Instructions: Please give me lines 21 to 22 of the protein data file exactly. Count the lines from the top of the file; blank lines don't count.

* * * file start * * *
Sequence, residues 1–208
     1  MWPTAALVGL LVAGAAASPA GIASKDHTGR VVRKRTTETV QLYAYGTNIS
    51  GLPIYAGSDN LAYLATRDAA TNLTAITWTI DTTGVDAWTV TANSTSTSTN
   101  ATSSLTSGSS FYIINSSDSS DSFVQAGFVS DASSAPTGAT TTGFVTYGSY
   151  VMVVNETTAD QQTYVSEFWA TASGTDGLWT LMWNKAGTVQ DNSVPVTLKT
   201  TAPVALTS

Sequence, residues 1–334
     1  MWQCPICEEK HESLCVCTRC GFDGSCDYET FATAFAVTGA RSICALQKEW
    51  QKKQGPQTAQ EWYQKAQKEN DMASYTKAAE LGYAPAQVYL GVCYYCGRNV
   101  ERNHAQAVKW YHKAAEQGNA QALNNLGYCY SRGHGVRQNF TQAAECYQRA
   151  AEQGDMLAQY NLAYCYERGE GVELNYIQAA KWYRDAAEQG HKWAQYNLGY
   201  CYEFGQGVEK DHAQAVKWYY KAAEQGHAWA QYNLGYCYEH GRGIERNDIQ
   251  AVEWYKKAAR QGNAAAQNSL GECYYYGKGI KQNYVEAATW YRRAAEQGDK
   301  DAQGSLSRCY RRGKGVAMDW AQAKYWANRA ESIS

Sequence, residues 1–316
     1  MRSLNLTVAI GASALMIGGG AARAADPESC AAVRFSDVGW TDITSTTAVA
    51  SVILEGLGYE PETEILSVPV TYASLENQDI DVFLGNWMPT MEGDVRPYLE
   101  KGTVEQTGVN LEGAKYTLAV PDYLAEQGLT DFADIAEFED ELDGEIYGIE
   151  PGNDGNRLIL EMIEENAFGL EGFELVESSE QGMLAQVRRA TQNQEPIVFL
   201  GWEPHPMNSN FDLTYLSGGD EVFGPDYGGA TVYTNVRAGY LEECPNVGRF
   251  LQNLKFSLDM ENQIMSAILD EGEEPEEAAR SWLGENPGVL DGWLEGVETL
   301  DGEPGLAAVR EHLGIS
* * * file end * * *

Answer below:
   251  LQNLKFSLDM ENQIMSAILD EGEEPEEAAR SWLGENPGVL DGWLEGVETL
   301  DGEPGLAAVR EHLGIS